When Detroit’s nerdy neo-soulman Mayer Hawthorne announced Friday at New Orleans’s Voodoo festival that he and his band were about to play “the greatest song of all time,” one might have expected something by, say, Marvin Gaye or Smokey Robinson. But instead, Hawthorne and company graced the Pepsi Stage audience with a feelgood, seemingly completely sincere rendition of the classic Family Ties theme, “Without Us.”
On Friday, the first annual Visual Japan Summit kicked off at Makuhari Messe convention center outside of Tokyo, celebrating new and veteran bands of “visual-kei”– a thriving Japanese musical subculture with its own fashionable, flamboyant take on the Western glam rock genre. Headlining the event were recently reunited, widely recognized pioneers of the movement, symphonic prog legends X Japan — whose founder, Yoshiki, has frequently credited KISS for changing his life and turning him on to rock ‘n’ roll. ...
In part one of "The Voice" finale, each of the four remaining contestants sing three songs: a cover, an original, and a duet with their coach.
As Swedish-born, London-bred, Brooklyn-based singer-songwriter Petter Ericson Stakee – leader of alt-folk outfit Alberta Cross – sits on Yahoo Music’s Austin porch at South by Southwest, he seems right in his element.
When folk-rock singer-songwriter Lissie moved back to the Midwest and bought a 10-acre farm in northeast Iowa – just across the river from her hometown of Rock Island, Illinois – it was bittersweet. “I think I understood the game as like, ‘OK, you gotta get back in the studio and get another deal and be A&R’d, and write songs with a bunch of other people and have people scrutinize them and tell you which ones are good,’” says Lissie, who was signed to Sony for years but is now proudly independent. Eventually, however, Lissie began making music just for herself, with no intention of releasing it, and her creative juices flowed once more.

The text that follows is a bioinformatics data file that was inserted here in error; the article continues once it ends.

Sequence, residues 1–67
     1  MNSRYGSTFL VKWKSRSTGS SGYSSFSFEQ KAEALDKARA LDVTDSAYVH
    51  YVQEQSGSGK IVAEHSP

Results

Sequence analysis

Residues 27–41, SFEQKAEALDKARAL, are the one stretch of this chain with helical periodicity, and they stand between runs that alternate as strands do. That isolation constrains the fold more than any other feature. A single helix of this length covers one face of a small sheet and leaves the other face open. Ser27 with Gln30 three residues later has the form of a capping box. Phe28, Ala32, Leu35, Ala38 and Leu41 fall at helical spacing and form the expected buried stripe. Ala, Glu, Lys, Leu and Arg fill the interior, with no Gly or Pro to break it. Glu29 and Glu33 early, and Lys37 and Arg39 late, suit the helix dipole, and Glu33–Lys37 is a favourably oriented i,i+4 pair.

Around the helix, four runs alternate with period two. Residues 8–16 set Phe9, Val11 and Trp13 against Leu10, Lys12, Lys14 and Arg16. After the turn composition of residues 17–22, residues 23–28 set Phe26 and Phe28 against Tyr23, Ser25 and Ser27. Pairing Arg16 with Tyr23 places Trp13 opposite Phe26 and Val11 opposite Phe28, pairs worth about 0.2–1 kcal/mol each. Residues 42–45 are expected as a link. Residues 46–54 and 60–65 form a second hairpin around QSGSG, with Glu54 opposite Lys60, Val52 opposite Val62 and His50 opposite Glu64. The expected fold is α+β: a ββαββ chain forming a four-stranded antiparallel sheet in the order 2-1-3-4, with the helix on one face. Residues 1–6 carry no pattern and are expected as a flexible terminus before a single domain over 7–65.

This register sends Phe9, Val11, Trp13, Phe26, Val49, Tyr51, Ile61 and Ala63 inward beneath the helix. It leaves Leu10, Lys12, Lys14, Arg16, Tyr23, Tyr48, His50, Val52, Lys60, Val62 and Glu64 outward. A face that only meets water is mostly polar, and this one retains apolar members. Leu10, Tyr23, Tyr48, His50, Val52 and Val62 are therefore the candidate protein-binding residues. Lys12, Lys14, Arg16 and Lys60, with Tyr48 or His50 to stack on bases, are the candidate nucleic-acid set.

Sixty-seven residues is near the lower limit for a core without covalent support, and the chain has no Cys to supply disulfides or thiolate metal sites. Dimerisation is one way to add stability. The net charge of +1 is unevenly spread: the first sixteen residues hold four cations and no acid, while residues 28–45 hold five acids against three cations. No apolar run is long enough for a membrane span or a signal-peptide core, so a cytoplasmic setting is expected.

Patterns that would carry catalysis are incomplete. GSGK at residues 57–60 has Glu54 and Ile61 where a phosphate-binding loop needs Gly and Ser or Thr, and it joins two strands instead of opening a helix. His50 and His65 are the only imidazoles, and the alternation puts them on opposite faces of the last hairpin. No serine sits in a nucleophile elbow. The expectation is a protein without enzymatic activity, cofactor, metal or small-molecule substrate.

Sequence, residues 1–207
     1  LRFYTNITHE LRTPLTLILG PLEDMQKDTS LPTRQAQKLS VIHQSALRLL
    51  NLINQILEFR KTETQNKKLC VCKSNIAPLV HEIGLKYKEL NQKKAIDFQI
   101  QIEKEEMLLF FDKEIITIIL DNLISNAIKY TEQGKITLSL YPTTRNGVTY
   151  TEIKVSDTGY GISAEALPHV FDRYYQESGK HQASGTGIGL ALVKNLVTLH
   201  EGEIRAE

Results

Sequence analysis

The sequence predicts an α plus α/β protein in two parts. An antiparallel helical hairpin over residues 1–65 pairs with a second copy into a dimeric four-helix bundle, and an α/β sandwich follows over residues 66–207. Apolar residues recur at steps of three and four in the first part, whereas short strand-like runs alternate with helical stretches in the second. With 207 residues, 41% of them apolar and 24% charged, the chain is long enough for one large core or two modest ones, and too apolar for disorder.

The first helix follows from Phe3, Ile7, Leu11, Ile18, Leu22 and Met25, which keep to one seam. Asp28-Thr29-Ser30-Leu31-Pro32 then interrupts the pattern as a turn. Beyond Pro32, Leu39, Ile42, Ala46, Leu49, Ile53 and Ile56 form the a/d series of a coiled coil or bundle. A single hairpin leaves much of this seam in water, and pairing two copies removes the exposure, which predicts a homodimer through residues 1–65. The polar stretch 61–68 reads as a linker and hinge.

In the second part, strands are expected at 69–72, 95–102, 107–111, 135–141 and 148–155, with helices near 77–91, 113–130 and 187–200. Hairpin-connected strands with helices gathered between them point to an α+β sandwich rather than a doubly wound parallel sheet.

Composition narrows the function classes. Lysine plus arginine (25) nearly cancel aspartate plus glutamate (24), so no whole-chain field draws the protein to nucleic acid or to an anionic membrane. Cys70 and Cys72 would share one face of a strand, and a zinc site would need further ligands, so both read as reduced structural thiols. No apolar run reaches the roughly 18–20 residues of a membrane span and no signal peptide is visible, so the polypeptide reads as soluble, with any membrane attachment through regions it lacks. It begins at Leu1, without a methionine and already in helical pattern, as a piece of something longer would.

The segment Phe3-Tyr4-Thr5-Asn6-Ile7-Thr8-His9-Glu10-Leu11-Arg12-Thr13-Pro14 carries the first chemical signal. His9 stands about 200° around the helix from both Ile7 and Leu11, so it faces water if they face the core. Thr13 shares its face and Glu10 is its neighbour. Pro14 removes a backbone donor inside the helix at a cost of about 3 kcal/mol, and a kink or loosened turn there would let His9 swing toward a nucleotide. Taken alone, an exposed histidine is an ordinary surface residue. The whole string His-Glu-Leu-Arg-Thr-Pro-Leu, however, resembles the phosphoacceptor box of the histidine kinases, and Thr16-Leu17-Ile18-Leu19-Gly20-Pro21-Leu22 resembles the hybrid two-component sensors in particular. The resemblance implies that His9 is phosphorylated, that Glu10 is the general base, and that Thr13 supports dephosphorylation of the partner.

Casual listeners could be forgiven for mistaking DMA’S for a British band. “We’ve always been big folk fans,” the trio’s Matt Mason says, sitting on an Austin porch after performing a stripped-down South by Southwest session for Yahoo Music. Despite the elder Gallagher brother dis, DMA’S (whose lineup is rounded out by frontman Tommy O’Dell) have been embraced in the U.K. But now it’s time for them to start all over and launch an Australian invasion in the USA.
“Somebody once told me if music doesn’t work out for me, inspirational speaking might be a good thing for me,” jokes James Alex of Philly’s punky, spunky, gleefully ramshackle indie outfit Beach Slang, as he sits on an Austin porch after performing at Yahoo Music’s South by Southwest headquarters. Alex probably could enjoy a lucrative side career as a motivational speaker – but it seems like full-time rock ‘n’ roll is working out for him just fine.
“People always tell us that what we’re doing isn’t popular – like, ‘Why are you doing it?’ But I don’t think any of us really care,” says Conor Behrle, guitarist for the Hollywood glitter-rock brigade Hammered Satin, sitting at Yahoo Music with his platform-soled, leather-sheathed, rivet-studded, bell-bottomed bandmates. “I do not want anyone to be confused and think that’s what we’re about.
“‘Disco’ now has a very different connotation than even five years ago,” says Eugene Cho, founder of the Brooklyn indie-dance collective Escort, sitting with his bandmates Dave Sharma (drums) and French-born style icon Adeline Michele (vocals, bass) after bringing their block-rocking beats to the Yahoo Music studio. Escort – whose lineup features anywhere from seven to 17 members, depending on the live setting – have been making effervescent, alternative, analog dance music for a decade now. “The whole ‘disco sucks’ thing was the rock ‘n’ roll monolithic establishment… but even now, Fall Out Boy has a dance record out now,” Sharma points out, jokingly comparing today’s dance/rock crossover hits to the one-off disco singles that the Rolling Stones, KISS, and Rod Stewart released back in the day.
Blues-rock is having a moment right now, with artists like Gary Clark Jr., Alabama Shakes, Chris Stapleton, and of course the Black Keys introducing a whole new generation to real roots music and authentic analog instrumentation. Los Angeles power trio the Record Company, who just released their debut album Give It Back to You on Concord Music, fit right into that scene with their swampy, sweaty sound – but they eschew the idea that they’re part of some revival moment or are limited to a certain retro genre. “We’re influenced by everything from early electric blues, early punk, early country, gospel music,” says singer/guitarist/harmonica virtuoso Chris Vos.